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30
Nov

ZTE’s dual-screen Axon M is fascinating and flawed


Six years ago, a smartphone maker without much clout in the US designed an Android device with a novel second screen that turned a thick phone into a small tablet. That company was Kyocera, that device was the Echo, and uh, it totally flopped. (David Blaine doing magic tricks under 10,000 gallons of water at the phone’s unveiling was, in hindsight, not a great omen.)

Rather than leave the idea of a dual-screen phone in the dustbin, ZTE ran with it and last month released the Axon M, an AT&T exclusive. It’s hard not to look at the thing as a $725 curiosity, but don’t be fooled: It’s a lot more than that. It’s an argument that smartphones can and should be more than the flat slabs we’ve grown so used to. Too bad that argument isn’t compelling.

Having twice as much screen as usual may seem tantalizing, but chances are you won’t be using both displays all the time. When it comes to using the Axon M as you would a normal phone, the compromises ZTE had to make become especially conspicuous. When closed, the phone is half an inch thick, making it the chunkiest smartphone I’ve tested all year. Now, I’d gladly trade smartphone sleekness for better battery life, but the Axon M uses a 3,180mAh cell that’s enough to get through just a single day and not much more. Bear in mind, that’s when you’re only using one screen at a time; prolonged multitasking all but guarantees you’ll need to keep the charger handy.

And then there are the screens themselves. ZTE went with two 5.2-inch LCD panels: one baked into the phone’s chunky body and another wedged into a sliver of metal that flips arounds on a hinge and locks into place with a satisfying click. Sadly, these displays are wholly unremarkable. They’re middling 1080p panels with lackluster colors and decent viewing angles. Neither of them gets as bright as other devices I’ve tested this year. For a phone as uniquely screen-focused as this one, it’s disappointing that ZTE didn’t go with more-impressive panels. It’s not hard to see why, though: The Axon M would have been even more expensive.

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Chris Velazco/Engadget

While the Axon M’s flip-open design might initially seem clever, in practice it’s flawed. When closed, both of the Axon’s screens face outward, sort of like an inside-out Nintendo DS. Even the earlier Echo device, which was otherwise a resounding failure, kept its second screen protected. The hinge is also wedged into the right side of the phone, forcing ZTE to stick the volume rocker, power button and camera key on the phone’s left edge. This runs counter to just about every other smartphone other there, and even after weeks of use, I still haven’t gotten used to this layout. Since there’s a screen on the other side, you’d think there would be a way to use it as the main display, so the phone’s controls are on the usual side. Nope! You’re stuck with ZTE’s awkward design choices.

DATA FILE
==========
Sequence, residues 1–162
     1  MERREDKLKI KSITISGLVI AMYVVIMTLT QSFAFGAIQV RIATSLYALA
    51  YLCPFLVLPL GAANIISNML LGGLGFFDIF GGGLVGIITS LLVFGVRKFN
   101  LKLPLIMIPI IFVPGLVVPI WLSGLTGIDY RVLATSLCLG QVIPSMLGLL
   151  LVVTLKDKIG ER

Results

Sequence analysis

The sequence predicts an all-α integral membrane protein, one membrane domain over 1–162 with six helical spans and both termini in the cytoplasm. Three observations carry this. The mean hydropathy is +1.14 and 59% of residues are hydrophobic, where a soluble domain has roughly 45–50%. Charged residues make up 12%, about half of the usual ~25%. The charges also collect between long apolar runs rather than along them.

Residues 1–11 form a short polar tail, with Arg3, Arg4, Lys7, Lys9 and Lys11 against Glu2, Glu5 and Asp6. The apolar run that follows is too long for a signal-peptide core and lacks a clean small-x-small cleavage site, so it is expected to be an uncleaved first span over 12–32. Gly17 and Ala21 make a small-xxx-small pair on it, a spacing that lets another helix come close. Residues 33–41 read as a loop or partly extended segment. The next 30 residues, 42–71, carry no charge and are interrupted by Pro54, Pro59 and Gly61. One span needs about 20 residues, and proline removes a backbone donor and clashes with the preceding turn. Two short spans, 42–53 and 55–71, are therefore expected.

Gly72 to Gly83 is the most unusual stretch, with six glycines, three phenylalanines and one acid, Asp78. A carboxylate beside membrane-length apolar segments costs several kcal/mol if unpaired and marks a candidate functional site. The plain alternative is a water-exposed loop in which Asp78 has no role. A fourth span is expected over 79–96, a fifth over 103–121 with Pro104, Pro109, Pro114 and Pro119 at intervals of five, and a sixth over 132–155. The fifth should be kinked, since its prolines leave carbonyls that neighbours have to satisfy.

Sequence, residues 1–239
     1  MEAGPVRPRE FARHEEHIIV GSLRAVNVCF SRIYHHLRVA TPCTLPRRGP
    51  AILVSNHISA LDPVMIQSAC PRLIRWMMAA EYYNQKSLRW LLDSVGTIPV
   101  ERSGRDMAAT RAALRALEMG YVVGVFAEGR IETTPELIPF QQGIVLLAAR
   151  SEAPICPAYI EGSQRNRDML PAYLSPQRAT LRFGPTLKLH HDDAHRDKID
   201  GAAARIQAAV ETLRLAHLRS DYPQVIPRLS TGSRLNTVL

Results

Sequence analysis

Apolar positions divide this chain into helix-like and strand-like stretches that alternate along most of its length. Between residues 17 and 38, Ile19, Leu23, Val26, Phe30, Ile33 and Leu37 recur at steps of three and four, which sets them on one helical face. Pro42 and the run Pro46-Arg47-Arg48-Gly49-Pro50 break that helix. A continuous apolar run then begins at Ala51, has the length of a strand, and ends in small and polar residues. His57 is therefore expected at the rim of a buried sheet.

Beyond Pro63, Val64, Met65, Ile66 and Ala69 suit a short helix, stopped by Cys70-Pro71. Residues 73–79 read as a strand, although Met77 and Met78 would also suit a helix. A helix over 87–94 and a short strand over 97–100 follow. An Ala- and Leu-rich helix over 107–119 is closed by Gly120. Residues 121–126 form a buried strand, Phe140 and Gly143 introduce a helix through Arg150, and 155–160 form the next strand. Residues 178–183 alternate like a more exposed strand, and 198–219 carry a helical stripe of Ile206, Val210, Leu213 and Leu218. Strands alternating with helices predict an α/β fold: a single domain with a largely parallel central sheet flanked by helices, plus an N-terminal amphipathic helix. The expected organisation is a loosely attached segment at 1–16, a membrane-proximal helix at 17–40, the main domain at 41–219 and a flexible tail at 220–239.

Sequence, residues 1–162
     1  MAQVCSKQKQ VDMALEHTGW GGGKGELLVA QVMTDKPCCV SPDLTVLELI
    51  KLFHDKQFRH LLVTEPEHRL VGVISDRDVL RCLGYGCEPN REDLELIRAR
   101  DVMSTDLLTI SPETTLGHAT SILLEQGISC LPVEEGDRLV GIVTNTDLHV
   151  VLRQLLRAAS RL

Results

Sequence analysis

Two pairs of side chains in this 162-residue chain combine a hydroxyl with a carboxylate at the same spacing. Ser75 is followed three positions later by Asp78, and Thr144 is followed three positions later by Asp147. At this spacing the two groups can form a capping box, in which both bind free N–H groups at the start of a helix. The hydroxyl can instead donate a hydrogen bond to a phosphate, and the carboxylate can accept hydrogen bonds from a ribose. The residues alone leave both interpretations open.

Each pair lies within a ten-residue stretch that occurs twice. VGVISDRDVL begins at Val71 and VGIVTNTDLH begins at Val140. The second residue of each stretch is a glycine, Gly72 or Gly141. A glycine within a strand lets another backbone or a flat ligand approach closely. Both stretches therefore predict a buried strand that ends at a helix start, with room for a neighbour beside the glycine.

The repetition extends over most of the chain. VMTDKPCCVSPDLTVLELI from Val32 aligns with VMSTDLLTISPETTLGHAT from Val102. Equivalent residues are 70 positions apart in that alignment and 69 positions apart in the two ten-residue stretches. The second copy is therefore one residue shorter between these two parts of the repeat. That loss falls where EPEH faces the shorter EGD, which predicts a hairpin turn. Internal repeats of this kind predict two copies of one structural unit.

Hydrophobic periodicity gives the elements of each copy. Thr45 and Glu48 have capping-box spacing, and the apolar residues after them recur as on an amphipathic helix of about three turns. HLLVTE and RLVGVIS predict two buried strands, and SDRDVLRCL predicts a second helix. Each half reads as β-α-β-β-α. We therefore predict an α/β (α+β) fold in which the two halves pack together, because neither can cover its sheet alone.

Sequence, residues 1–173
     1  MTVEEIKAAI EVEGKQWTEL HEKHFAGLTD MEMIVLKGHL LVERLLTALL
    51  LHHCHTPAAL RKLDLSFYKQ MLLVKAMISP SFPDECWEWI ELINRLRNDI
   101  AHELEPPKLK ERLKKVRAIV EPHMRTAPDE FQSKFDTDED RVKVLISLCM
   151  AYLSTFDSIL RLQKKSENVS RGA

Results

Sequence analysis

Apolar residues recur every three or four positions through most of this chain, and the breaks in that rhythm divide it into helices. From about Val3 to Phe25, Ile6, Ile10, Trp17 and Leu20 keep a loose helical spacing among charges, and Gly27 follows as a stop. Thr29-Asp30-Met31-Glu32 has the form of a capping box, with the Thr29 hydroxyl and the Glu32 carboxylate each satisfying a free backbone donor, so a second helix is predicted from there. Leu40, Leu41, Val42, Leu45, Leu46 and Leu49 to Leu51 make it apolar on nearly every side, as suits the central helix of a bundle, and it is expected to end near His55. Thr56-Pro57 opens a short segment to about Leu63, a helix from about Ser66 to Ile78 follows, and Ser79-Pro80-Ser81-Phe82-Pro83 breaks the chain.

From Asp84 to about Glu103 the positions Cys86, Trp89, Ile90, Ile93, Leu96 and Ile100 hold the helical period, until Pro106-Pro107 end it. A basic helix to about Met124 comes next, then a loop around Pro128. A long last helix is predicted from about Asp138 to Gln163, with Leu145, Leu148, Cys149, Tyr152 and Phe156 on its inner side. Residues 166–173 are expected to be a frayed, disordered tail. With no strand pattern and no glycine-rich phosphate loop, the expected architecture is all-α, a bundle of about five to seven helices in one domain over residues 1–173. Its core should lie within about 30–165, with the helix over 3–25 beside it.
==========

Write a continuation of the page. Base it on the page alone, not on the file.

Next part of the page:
In daily use, the glass covering both sides of the phone makes it surprisingly slippery. And since both screens always face outward, there’s twice as much screen to shatter when the phone does take a tumble. Going off the number of busted phones I see in use every day, I’m already concerned for Axon M owners. After all, if you screw up one of the screens, you’ve basically destroyed the only reason to own this phone.

The screens are also flanked on the top and bottom by some thick bezels, though that was probably unavoidable — after all, the engineers had to stick the mediocre 20-megapixel camera somewhere. The camera is always pointed straight at you, and you use the second screen around back, then fire up the camera app. It’s a clever approach, but image quality is middling at best — a far cry from the performance you’d normally expect from a $700+ phone.

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Chris Velazco/Engadget

Honestly, one of the few nice things I can say about the Axon’s design is that the phone feels sturdier when it’s fully open than I had expected; the two screens sit flush with each other, and the hinge feels strong. To actually make use of both screens, you’ll have to tap the “M” (you know, for “multitasking”) key next to the standard navigation keys. This is where things start to get wild.

In addition to using the Axon M as you would a normal phone, there are three ways to make use of that extra screen. You can mirror the contents of one screen onto the other, so you can, say, watch a YouTube video with someone sitting across from you. There are some theoretical business use cases too, such as propping the phone up like a tent and walking someone through a PowerPoint presentation, but this is easily the most forgettable of the Axon’s multiscreen modes. Dual mode, which gives you the power to run two distinct apps on their own screen, is more obviously useful. It’s a year old at this point, but Qualcomm’s Snapdragon 820 chip plus 4GB of onboard RAM keep pairs of apps moving with respectable fluidity. Occasional instances of lag are to be expected, but giving two apps screens of their own generally works well.